Sunshine Girl

They lined us up, taped our eyes and ears shut, put our hands together like in prayer and wrapped them tight with ribbon made of silk so it wouldn’t chafe.  They took away our names and gave us each a number instead, because names were letters and letters were numbers and everything was numbers by then and numbers were the language of God.

We stood with our backs to the monolith, the one in the center of Civil Square, the one now painted with a mural of children playing in a meadow full of daisies, pink and yellow, at least we’re told they’re daisies, little dots and daubs in a multipronged circular shape.  Some of us leaned back against the rough stone because we needed support.  Our legs couldn’t hold us. They quivered and quaked and threatened to crumble beneath us.

Our numbers were called off, one at a time, and we were made to step forward and speak the oath: “All things in reality are formed from disillusion.  There is no virtue in the virtual.  The abstract is a distraction from the tangible, immutable reality.  Existence can only be obtained by knowing reality.”

We repeated after someone first; a guttural voiced older woman, but they made us say it in rounds until we all had it memorized and could recite it in unison.  Then they cut the ribbon from our hands and kissed our palms, removed the tape from our eyes and ears, smeared cold red and blue and gold colored oozes across our foreheads and cheeks and told us, “You are now free.”

And this we believed.

I was in my eighteenth year when I joined Sol-Eterna.  The war had only just ended then, the ink on the treatise was still yet dried but the land was already cleaved and divided, the people on and amongst it splintered and lost.  At the time, I was young enough to forget why the first bombs had fallen, old enough to remember how the sky had lit red and orange and the earth had trembled beneath my feet when the bombs all hit, and had seen enough years of the war to not truly know what the world could be like when the fire had ceased.

Suicide was on a rise amongst those between ten and forty-five years of age.  The virtual world was constantly bombarding them, information overwhelmed, it came from all directions, in vivid colors on bright displays.  Abstract constructions, images flashing in and out of existence without reference, ideas without edification, thoughts were birthed and killed in the blink of an eye.  Television had become more real than reality, the people and places on the screen looked more concrete and pure than the true, tangible world around them.

My sister had laid in the bathtub and bled her wrists dry when she was sixteen and I, only twelve, had watched as my mother scrubbed the porcelain clean, rinsing all remnants of the deed down the drain.  On the mirror had been written: “If everything can be erased with the touch of a button what remains to prove it ever existed.  Is anything real anymore?”

“No, no, no…” my mother had chanted as she worked, on her knees, her back hunched, gnarled by pain and muscles strained, her eyes shadowed and grave, the features of her face hard-lined then and forevermore.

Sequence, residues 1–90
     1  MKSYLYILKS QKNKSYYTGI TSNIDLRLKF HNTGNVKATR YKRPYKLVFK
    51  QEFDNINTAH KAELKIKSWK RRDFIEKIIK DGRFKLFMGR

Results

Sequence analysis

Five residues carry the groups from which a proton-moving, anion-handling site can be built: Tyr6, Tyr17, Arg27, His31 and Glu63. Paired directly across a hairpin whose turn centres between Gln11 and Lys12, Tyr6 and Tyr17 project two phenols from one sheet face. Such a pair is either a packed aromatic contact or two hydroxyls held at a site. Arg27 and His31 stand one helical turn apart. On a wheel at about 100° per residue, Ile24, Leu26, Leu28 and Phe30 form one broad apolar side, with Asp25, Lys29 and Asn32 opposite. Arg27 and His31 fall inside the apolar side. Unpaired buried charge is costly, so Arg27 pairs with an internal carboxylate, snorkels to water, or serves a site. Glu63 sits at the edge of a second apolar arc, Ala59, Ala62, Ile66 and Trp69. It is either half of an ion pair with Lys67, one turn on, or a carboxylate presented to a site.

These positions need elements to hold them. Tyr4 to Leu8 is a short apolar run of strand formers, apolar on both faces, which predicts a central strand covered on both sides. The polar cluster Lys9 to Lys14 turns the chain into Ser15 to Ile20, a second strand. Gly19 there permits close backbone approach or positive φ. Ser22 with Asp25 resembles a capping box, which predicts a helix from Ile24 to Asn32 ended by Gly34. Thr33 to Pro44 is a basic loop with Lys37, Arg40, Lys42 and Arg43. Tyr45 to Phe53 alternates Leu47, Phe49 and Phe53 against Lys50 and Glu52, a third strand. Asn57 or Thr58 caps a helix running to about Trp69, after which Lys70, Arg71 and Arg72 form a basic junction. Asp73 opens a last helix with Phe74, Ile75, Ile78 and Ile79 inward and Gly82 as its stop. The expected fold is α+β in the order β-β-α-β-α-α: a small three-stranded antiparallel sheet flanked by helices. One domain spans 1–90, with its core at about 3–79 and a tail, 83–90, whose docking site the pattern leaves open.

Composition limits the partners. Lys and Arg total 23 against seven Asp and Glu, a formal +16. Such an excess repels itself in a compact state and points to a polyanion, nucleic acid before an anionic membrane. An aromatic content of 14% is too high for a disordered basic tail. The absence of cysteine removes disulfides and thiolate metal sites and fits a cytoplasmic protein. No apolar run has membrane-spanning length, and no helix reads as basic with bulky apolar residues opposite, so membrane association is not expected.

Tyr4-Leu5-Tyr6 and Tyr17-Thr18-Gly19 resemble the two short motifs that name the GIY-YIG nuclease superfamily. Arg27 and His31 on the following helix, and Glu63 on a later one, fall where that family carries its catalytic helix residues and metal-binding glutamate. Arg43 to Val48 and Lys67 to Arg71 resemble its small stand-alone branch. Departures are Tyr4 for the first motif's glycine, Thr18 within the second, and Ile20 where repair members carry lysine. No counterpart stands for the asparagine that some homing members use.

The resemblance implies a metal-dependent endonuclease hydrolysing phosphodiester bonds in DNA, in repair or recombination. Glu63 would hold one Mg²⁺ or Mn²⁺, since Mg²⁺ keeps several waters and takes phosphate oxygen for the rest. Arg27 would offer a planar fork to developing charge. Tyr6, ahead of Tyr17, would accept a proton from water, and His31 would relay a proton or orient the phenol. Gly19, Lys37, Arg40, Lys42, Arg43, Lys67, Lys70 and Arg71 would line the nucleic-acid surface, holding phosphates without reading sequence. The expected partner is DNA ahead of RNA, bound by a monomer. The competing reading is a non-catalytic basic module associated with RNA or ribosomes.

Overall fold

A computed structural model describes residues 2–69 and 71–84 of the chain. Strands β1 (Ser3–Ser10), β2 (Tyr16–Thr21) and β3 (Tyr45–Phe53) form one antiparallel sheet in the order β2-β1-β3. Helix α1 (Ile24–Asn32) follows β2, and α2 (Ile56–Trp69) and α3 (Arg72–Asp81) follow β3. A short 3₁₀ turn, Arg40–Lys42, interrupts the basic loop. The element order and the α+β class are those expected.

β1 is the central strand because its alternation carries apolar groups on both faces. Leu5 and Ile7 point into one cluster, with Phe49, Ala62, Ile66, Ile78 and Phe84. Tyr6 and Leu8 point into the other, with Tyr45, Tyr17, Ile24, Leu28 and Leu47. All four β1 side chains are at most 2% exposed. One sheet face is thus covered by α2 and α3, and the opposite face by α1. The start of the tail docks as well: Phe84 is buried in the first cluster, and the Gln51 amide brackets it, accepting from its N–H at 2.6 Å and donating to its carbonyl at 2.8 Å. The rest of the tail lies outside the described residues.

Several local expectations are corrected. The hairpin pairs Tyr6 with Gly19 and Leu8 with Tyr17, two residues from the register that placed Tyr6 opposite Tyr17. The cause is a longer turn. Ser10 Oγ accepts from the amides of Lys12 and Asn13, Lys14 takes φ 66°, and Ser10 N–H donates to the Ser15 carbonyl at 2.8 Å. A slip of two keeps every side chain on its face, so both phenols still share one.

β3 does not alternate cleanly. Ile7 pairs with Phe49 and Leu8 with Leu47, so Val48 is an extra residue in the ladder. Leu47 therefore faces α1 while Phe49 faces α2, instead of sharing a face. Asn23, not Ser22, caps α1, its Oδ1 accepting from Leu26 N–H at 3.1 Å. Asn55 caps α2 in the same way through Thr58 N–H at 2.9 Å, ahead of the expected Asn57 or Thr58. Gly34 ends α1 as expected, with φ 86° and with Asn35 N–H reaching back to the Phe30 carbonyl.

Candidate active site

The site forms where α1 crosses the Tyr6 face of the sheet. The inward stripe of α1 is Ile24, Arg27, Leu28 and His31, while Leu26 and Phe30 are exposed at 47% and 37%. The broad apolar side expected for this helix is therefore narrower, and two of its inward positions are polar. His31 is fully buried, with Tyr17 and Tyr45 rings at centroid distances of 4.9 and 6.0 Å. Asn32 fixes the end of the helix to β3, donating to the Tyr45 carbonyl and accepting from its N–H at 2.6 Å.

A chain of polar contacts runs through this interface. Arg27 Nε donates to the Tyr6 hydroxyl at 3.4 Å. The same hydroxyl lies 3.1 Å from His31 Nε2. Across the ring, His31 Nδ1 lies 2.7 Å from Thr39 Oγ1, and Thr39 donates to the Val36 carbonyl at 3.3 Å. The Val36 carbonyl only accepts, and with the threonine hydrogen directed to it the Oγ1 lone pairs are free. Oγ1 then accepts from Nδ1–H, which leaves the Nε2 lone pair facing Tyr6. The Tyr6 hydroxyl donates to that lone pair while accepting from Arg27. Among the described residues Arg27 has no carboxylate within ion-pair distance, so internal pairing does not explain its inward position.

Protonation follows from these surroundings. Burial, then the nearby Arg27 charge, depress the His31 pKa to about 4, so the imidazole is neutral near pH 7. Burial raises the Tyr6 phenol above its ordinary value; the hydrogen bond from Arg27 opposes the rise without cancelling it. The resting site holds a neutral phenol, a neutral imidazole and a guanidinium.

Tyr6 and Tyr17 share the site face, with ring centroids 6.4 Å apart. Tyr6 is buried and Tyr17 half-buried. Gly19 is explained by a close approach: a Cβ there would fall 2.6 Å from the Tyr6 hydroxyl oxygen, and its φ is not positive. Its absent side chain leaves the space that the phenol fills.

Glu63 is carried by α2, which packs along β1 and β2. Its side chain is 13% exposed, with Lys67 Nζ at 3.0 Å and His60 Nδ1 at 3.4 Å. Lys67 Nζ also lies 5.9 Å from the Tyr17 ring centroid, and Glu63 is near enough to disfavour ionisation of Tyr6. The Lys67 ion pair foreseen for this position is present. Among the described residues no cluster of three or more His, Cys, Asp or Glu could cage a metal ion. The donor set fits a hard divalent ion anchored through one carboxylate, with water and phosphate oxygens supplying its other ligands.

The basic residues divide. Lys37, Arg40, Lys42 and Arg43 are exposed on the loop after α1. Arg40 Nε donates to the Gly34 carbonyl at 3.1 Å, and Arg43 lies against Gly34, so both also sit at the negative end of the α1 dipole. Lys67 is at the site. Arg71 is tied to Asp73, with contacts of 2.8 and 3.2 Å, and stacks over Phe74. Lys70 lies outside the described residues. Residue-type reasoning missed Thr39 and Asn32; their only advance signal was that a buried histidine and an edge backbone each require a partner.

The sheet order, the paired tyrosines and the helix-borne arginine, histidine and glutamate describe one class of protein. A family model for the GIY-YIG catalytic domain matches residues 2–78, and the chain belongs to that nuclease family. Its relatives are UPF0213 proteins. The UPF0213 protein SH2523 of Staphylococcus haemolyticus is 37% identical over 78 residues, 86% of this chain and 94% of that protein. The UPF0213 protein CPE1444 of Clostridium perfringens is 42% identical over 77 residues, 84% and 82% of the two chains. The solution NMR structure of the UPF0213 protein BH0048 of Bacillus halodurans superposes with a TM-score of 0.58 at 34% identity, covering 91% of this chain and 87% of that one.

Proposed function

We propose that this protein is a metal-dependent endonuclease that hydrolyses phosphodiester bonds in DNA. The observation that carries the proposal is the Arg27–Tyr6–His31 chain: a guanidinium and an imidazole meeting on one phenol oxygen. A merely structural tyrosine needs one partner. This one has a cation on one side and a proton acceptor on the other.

When our oath was spoken, our commitment validated and assured, we were taken to the compound, stripped of all our personal belongings, though most of us had brought none but the clothes on our back, and given faded gray cloth to wear.  They were the same for everyone, a single garment like a long sleeveless shirt.  For our feet we were given rubber cut from old tires strung with woven fibers.  Our hair was clipped down to the scalp, leaving only grisly stubbles.  There was a bed in the compound marked at its foot on the concrete floor with our number.  They were hard spring mattresses flung on the floor and saddled with a thin white sheet.

In the mornings, we worked the fields which stretched onto forever, plots of dirt that was tightly compressed, dried and cracking.  We were given little metal trowels – their triangle heads coated in a thin layer of rust – and made to crawl along the ground on bare hands and knees, chiseling away, breaking up the hard dirt for hours as the sun weighed down on us.  Sweat drenched our gray cloth, causing it to cling thick to our forms.  Our skin and lips chapped, split, and spilled over with blood.  We were given sips of water every forty-five minutes or more, and we paused for meals every four or five hours.  To eat we were given whitish, doughy globs made from milled rice.  Sometimes we were given freeze-dried slices of apple.  Every other day at the last meal we were given a spoonful of peanut butter.

At night, we were taught by Sol-Eterna mentors.  Reality is everything, and only that which is concrete.  They held up a book and asked us, “Is this book reality?” And we answered, uncertain, that it was not.  “Yes it is,” they said, then asked, “Are the words written inside of it reality?” And we answered, certain, that they were.  “No, they are not,” they said, “There words are abstractions, without concrete form.  They have no true value and are, therefore, not reality.”

And this we believed.